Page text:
Abortion Access in the 2015 Legislative Session: Bad Bills to Watch
This legislative session, Texas lawmakers have introduced a range of bills aimed at restricting Texas women’s access to safe, legal, and timely abortion care. Laws that restrict access to abortion harm women's health and endanger their safety.
Join the movement to restore trust in Texans to make their own reproductive health care decisions, respect for health care professionals, and access to the full range of reproductive health care in our state.
HB 1976 by Rep. Matt Schaefer, R-Tyler: This bill would remove the exception for severe fetal abnormalities in the 20-week abortion ban passed last legislative session.
HJR 126 by Rep. David Simpson, R-Longview: This is a state constitutional amendment proposal banning abortion in Texas.
Physician Targeting and Coercion Screening Laws
HB 832 by Rep. Matt Schaefer, R-Tyler: This bill would require physicians, rather than abortion clinics, submit a monthly report on abortions performed. It would also remove language in the reporting law that mandates keeping physician’s identity confidential, further intensifying the security threat experienced by physicians performing abortion.
The myth of coercion: Women rarely cite coercion or pressure from family or partners as leading to their decision to abort. A 2005 study from the Guttmacher Institute found less than 1 percent of women surveyed cited coercion or pressure among their main reasons for having an abortion. A University of California San Francisco 2013 study similarly found women rarely cited coercion as a reason for seeking abortion, though many did cite the need to escape bad relationships or domestic violence.
HB 1648 by Rep. Molly White, R-Belton, and SB 831 by Sen. Lois Kolkhorst, R-Brenham: These bills would create criminal offenses for coercing someone into having an abortion and would impose multiple requirements on abortion providers and people seeking abortions. It would also mandate a 72 hour waiting period before victims of abuse can access abortion care.
HB 3446 by state Rep. Jodie Laubenberg, R-Parker: This bill would require abortion providers to post signs with state-mandated language about the prohibition against forcing a woman to undergo an abortion, an abuse hotline number, and other information.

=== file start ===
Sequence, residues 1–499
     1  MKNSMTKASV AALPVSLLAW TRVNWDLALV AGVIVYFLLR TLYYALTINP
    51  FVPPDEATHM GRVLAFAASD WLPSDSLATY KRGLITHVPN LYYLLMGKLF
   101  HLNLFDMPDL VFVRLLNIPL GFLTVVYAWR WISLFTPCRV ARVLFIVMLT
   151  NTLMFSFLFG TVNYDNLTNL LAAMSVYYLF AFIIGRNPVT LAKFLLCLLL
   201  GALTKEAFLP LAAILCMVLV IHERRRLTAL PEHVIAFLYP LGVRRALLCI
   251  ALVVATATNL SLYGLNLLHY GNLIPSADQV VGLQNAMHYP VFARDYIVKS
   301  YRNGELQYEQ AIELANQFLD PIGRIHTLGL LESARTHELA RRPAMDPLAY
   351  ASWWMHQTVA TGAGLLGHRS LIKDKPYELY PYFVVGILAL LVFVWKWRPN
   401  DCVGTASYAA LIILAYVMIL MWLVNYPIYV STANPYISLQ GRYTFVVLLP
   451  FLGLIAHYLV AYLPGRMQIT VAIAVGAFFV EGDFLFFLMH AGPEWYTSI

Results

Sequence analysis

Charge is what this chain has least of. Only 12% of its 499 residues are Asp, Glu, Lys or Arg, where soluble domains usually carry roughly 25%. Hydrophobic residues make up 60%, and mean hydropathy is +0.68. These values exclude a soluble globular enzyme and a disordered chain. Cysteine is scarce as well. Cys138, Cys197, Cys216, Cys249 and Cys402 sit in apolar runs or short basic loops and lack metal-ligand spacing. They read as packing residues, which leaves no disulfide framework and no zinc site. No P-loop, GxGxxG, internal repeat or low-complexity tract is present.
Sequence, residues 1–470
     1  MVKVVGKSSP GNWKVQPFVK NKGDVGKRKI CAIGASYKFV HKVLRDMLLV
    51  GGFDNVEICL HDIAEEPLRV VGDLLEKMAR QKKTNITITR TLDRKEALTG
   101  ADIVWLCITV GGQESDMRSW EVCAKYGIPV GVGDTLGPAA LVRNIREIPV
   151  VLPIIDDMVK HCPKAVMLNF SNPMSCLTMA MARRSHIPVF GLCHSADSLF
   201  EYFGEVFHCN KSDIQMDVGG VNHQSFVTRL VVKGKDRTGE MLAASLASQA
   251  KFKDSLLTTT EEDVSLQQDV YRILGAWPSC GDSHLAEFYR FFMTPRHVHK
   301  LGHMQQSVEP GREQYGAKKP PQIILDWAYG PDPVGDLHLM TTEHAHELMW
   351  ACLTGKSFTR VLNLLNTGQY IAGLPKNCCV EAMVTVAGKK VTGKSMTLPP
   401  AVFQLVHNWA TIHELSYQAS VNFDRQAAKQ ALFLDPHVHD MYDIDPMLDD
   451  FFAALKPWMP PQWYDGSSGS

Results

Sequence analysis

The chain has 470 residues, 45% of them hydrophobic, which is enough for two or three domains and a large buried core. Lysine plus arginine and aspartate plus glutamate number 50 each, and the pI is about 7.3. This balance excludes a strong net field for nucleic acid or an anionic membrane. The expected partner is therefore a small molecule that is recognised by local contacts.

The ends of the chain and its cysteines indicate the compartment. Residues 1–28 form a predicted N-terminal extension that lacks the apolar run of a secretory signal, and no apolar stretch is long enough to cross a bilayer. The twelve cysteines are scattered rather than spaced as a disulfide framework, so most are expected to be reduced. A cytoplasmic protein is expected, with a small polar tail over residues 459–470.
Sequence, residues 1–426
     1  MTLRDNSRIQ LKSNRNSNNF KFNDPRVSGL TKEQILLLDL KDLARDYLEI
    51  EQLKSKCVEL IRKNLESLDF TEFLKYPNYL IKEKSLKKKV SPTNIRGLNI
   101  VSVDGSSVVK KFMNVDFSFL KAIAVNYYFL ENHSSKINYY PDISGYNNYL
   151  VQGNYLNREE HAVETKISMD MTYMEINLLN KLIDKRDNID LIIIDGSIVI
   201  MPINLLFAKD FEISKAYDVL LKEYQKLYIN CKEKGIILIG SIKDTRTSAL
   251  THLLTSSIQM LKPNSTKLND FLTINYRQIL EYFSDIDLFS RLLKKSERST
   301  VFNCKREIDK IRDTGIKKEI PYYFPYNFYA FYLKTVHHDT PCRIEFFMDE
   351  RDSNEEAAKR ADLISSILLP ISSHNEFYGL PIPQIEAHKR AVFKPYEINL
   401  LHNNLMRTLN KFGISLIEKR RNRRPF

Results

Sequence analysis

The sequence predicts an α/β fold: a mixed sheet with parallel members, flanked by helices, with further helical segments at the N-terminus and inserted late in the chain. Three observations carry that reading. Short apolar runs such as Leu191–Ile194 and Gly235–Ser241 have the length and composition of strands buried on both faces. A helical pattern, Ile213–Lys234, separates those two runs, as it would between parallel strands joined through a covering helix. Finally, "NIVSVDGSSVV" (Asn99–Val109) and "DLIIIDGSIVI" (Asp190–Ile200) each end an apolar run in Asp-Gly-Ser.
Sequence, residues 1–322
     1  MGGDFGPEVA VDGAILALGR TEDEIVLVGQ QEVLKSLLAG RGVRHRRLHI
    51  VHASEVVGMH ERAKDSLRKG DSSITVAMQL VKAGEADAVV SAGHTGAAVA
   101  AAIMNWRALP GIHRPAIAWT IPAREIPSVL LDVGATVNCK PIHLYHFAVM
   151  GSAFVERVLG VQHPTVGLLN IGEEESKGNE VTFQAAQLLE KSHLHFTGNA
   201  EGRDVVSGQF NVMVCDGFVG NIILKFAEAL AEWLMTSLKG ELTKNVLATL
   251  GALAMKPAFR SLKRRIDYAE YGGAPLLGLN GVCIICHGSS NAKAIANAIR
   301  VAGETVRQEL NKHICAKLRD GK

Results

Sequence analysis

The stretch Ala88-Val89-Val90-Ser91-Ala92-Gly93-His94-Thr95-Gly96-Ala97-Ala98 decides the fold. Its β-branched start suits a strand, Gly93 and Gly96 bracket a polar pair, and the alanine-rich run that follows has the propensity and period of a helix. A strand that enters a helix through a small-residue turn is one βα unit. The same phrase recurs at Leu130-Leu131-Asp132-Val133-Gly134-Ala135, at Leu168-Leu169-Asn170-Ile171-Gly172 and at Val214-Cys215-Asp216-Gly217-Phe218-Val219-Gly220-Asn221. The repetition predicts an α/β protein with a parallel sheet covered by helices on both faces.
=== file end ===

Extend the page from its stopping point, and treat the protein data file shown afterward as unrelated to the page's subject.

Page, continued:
“Sex-Selection” Abortion Bans
A 2014 study found that restricting access to abortion is the primary motivation for sex-selective abortion bans. Backed by significant misinformation, these laws are designed to further the movement to ban abortion entirely.
HB 113 by Rep. Allen Fletcher, R-Cypress: This bill could create civil and criminal penalties for knowingly performing or coercing performance of an abortion for purposes of sex selection.
Targeted Regulations of Abortion Providers (TRAP) Laws
TRAP laws impose requirements on abortion providers that are different and more stringent than those applied to comparable medical practices. These laws are medically unnecessary and increase the cost of both providing and obtaining abortions, increasing scarcity and reducing access. Last legislative session, as part of its omnibus anti-abortion law, Texas lawmakers passed two such requirements: ambulatory surgical center (ASC) and admitting privileges laws. Lawmakers pass these laws under the guise of protecting women’s health and safety, but they are by design impossible for providers to meet and have effectively shut abortion clinics throughout the state.
HB 3446 by Rep. Jodie Laubenberg, R-Parker: This bill would require abortion providers to post certain signage in the clinics
HB 3447 by Rep. Jodie Laubenberg, R-Parker: This bill would require abortion facilities meet all medically unnecessary requirements of an ambulatory surgical center, a provision of last session’s omnibus anti-abortion law that is currently being litigated in federal court.
HB 416 by Rep. Debbie Riddle, R-Tomball: This bill would require staff of abortion facilities which perform more than 50 abortions in any 12-month period to undergo an education training program on human trafficking.